We would rather be ruined than changed
We would rather die in our dread
Than climb the cross of the moment
And let our illusions die.
Don’t live the same year 75 times and call it a life.
to love life, to love it even
when you have no stomach for it
and everything you’ve held dear
crumbles like burnt paper in your hands,
your throat filled with the silt of it.
When grief sits with you, its tropical heat
thickening the air, heavy as water
more fit for gills than lungs;
when grief weights you like your own flesh
only more of it, an obesity of grief,
you think, How can a body withstand this?
Then you hold life like a face
between your palms, a plain face,
no charming smile, no violet eyes,
and you say, yes, I will take you
I will love you, again.
Breakfast at Tiffany’s (1961)
For a star to be born, there is one thing that must happen: a nebula must collapse.
This is not your destruction.
This is your birth.
It is not inertia alone that is responsible for human relationships repeating themselves from case to case, indescribably monotonous and unrenewed: it is shyness before any sort of new, unforeseeable experience with which one does not think oneself able to cope. But only someone who is ready for everything, who excludes nothing, not even the most enigmatical will live the relation to another as something alive.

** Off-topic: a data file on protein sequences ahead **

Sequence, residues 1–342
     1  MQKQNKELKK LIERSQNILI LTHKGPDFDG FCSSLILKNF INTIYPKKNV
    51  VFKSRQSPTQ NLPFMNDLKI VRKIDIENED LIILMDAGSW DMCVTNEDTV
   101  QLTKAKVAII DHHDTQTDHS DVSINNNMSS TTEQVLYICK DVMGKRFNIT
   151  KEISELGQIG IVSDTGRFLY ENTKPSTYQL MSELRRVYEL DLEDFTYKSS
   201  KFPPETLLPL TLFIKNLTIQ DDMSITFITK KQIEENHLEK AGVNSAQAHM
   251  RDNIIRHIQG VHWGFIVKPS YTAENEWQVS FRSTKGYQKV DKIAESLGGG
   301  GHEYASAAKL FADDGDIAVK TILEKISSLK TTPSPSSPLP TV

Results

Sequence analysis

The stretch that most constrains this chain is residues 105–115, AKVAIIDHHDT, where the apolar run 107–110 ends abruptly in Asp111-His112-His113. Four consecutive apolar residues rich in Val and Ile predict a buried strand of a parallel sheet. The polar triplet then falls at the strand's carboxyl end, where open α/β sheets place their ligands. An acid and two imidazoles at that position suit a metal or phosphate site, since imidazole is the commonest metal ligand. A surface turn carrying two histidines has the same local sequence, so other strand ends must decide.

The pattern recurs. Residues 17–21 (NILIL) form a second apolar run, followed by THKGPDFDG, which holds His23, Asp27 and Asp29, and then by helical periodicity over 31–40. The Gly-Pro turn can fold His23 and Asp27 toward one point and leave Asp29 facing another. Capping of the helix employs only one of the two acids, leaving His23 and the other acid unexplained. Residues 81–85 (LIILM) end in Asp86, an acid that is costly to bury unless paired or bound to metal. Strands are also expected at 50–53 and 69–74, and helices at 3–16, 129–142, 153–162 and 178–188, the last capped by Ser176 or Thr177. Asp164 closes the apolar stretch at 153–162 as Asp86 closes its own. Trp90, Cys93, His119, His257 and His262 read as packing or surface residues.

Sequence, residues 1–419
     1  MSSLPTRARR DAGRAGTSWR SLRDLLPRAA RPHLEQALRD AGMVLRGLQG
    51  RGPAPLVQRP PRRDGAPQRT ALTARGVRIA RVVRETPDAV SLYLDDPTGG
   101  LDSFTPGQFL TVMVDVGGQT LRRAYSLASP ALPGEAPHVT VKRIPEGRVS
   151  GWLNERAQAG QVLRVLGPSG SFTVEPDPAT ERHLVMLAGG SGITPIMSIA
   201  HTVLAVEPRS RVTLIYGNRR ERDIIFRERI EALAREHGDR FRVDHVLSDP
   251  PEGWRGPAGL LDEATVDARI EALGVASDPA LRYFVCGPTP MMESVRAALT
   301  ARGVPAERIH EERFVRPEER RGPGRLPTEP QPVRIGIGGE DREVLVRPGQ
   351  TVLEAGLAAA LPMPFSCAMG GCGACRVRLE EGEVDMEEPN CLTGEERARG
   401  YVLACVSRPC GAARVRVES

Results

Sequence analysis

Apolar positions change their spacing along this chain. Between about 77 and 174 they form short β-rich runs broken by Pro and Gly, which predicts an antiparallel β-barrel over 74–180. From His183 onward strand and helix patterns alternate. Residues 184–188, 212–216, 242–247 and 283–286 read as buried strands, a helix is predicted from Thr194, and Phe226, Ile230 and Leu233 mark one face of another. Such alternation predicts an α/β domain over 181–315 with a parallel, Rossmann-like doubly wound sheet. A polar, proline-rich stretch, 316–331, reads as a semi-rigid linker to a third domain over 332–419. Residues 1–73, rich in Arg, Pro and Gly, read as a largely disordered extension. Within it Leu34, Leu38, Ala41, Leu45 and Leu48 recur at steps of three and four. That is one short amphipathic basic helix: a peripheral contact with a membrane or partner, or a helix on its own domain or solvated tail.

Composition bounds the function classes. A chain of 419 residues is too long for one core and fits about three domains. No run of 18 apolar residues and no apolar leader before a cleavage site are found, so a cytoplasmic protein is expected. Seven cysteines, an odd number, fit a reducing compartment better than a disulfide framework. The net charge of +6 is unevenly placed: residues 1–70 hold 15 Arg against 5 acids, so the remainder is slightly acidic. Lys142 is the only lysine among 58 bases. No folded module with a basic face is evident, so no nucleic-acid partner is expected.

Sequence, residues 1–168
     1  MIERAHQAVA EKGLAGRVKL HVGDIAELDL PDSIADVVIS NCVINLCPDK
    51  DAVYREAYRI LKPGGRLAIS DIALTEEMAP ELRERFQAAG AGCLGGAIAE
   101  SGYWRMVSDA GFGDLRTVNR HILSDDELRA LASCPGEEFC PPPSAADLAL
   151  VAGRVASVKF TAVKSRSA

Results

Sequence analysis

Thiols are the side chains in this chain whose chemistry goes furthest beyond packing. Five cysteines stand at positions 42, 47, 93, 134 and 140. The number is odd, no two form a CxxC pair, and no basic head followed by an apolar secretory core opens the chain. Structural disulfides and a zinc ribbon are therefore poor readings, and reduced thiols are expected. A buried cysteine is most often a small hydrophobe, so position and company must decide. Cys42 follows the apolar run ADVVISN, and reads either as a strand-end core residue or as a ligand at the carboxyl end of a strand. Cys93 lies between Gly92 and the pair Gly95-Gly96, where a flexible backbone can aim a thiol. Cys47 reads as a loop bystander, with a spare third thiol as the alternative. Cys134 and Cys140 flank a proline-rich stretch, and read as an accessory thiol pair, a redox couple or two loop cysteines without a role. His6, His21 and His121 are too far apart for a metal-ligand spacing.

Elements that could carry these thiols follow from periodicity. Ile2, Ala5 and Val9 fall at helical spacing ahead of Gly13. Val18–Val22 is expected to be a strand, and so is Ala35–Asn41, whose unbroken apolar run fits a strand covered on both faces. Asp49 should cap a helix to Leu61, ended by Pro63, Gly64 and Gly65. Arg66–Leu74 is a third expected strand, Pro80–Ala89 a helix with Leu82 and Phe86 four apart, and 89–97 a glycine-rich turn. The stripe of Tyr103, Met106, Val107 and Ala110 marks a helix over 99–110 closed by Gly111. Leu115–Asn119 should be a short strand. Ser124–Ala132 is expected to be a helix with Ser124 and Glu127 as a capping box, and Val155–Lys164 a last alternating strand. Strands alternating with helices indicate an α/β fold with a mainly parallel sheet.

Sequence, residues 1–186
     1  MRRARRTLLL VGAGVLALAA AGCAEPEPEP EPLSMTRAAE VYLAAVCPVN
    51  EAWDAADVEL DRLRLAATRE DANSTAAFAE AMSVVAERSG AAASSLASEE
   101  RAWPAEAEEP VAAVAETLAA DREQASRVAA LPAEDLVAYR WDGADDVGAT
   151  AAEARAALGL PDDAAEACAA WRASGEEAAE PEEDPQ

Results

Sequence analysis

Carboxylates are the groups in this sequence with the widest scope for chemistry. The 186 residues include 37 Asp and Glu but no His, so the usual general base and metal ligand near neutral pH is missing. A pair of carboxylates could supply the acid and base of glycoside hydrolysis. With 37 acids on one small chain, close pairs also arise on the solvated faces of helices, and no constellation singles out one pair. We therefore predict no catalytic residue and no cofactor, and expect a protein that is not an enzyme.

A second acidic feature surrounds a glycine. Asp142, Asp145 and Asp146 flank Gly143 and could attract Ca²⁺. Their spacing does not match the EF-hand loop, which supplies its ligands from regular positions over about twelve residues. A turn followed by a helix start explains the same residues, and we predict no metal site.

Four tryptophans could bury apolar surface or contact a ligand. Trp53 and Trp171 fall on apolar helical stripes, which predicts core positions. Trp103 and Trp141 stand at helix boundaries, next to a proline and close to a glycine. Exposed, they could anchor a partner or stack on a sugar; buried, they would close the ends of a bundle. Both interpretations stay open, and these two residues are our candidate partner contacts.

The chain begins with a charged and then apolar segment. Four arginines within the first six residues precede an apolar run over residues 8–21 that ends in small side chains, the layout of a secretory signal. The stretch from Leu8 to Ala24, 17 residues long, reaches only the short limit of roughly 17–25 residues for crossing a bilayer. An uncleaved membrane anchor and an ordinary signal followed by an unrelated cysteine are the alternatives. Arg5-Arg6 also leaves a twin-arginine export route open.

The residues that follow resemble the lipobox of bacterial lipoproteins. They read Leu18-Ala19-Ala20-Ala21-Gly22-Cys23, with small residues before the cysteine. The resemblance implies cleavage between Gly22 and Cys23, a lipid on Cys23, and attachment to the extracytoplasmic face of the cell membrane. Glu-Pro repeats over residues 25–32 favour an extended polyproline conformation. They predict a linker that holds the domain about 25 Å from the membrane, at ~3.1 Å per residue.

— Rainer Maria Rilke, Letters to a Young Poet (via observando)
My eyes are vague blue, like the sky, and change all the time; they are indiscriminate but fleeting, entirely specific and disloyal, so that no one trusts me. I am always looking away. Or again at something after it has given me up.
— Frank O’Hara, Meditations in an Emergency (via observando)
Listen, real poetry doesn’t say anything; it just ticks off the possibilities. Opens all doors. You can walk through anyone that suits you.
From childhood’s hour I have not been. As others were, I have not seen. As others saw, I could not awaken. My heart to joy at the same tone. And all I loved, I loved alone.